Taking a brief hiatus from travel posts to talk about something that's been bugging me recently... Comment with your thoughts if you're so inclined!
I have always been an independent person. From a very young age I preferred reading books to go shopping with friends, for example. I’ve never taken well to people putting words in my mouth, telling me how to behave, or trying to fit me in a box of what a lady should be. It only took one controlling relationship for me to realize that I needed to be careful about the kind of person I’d commit myself to.
Recently, I’ve noticed a trend in online news and lifestyle sources. Let me be clear. I LOVE reading articles and ‘listacles' on lifestyle sites, and probably spend way too much time perusing them. But nevertheless, this trend, while well-intentioned, has moved into shaming women who don’t want the same things as the writer does for her own life.
You know the pieces I’m talking about. The “Reasons to Not Tie Down an Independent Woman,” types. Or, the more recently published "Don’t Settle: 8 Things Traveling Does That A Boyfriend Never Could.”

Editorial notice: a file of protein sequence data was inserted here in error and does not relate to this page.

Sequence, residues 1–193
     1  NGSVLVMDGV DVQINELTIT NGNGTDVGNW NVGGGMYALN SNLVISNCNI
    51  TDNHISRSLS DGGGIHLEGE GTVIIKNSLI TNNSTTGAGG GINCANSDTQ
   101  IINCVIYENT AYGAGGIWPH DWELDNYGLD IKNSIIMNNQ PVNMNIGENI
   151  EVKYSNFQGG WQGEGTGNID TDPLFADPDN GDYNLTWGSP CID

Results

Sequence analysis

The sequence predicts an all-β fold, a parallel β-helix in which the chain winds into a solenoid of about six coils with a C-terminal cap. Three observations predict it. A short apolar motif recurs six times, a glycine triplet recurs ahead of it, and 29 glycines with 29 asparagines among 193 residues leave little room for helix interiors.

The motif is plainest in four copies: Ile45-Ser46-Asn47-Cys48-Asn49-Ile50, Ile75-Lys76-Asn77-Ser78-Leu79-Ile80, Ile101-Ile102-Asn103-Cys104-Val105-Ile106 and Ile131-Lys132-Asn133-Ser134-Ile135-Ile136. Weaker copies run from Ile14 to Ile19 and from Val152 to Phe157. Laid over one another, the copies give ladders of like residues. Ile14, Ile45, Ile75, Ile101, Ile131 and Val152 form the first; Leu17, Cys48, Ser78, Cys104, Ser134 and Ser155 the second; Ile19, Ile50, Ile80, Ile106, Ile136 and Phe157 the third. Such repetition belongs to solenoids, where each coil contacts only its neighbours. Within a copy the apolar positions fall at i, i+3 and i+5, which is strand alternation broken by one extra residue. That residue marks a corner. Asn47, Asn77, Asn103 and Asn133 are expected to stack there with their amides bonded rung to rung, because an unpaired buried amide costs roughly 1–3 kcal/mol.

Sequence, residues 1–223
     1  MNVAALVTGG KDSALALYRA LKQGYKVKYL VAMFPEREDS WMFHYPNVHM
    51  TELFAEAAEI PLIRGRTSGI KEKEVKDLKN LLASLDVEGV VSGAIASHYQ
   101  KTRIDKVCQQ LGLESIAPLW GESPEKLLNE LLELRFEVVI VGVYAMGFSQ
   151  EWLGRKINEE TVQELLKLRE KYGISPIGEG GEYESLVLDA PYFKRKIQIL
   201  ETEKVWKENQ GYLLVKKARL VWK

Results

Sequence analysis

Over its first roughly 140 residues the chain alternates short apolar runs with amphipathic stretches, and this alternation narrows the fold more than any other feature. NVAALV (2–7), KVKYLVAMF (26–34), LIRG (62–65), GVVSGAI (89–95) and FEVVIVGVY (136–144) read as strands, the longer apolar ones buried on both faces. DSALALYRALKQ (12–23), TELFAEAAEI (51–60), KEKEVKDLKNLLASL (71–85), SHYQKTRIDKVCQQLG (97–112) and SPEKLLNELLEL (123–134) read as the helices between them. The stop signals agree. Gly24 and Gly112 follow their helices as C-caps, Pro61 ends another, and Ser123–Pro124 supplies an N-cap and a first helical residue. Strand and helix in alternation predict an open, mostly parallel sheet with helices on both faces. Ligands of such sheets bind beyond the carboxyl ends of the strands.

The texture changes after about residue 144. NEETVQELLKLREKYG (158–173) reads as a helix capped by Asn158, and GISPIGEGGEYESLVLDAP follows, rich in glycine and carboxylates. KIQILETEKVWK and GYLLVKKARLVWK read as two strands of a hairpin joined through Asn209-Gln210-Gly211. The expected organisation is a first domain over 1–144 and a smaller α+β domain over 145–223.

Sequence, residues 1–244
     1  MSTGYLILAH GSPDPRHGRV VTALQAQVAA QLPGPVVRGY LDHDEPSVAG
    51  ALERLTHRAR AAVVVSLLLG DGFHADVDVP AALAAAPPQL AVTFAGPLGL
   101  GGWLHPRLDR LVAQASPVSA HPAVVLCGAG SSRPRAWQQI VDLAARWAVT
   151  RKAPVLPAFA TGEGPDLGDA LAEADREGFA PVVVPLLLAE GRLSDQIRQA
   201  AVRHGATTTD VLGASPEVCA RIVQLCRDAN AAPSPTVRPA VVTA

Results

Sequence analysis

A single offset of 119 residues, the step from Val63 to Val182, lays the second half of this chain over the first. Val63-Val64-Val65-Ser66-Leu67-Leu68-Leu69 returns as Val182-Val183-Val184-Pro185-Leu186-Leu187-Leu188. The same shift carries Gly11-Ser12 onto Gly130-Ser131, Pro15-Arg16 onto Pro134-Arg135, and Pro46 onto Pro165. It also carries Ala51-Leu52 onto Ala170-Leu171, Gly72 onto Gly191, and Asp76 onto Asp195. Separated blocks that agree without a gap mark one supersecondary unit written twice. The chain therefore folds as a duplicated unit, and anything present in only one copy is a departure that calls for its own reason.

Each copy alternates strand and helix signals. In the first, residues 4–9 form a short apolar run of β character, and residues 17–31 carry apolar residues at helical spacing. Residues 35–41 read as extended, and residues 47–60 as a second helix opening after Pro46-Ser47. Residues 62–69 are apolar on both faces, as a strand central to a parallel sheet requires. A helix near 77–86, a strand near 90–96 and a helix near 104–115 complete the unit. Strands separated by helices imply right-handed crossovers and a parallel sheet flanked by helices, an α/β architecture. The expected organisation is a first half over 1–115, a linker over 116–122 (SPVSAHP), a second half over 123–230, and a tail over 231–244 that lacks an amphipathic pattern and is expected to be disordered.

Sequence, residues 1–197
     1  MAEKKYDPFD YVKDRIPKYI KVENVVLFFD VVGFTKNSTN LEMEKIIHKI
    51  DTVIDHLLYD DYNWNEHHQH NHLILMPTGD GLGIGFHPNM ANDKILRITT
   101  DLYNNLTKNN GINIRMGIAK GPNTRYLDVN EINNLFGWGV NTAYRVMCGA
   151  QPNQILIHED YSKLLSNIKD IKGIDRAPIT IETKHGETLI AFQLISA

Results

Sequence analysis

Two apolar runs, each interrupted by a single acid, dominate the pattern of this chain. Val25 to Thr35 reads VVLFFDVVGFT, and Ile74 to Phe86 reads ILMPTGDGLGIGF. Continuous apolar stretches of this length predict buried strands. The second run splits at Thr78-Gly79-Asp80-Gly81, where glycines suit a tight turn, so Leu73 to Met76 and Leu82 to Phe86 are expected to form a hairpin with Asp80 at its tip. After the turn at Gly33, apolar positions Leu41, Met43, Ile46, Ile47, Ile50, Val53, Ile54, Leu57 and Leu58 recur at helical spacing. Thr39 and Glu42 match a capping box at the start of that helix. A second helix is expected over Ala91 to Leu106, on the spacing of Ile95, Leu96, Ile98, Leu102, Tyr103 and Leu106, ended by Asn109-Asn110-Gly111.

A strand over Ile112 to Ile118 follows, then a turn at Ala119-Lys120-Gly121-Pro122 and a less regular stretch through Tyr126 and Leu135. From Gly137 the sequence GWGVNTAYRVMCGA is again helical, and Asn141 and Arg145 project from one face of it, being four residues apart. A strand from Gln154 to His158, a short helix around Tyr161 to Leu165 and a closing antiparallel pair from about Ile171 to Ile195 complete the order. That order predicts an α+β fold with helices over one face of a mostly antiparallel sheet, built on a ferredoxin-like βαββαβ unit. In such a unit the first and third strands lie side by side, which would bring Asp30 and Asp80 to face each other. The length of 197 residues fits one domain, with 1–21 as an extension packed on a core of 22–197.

As if it’s not completely obvious by now, I love traveling. It’s what I fully intend to spend the vast majority of my income on for the first part of my adult life. My most recent trip has helped me think in new ways, understand the world more fully, and start to overcome what at times has been crippling anxiety from PTSD. And I did all of those things while in a committed, longterm relationship. Crazy. I know.
The problem with the growth of these kinds of articles, is that they assume that you can’t have both. They assume that no partner would ever let you be who you want to be and do what you want to do. They disregard the fact that you can travel the world alone, or with friends or family, and still be in a relationship.
This growing hatred of relationships has signaled a clear misunderstanding these writers have about independent women: that they have to be single.
There is nothing wrong with being single. There’s also nothing wrong with being committed to another person. Both can lead to personal growth, new lessons, and a fulfilling life. What matters is finding what works best for you. And finding a partner who supports your independence, if you choose to have one.
The world is hard enough for women who chose to blaze their own path. Let’s not get bogged down in trivial qualifiers of what personal choices someone makes that determine whether or not they’re independent. Chances are, if you feel free, you are.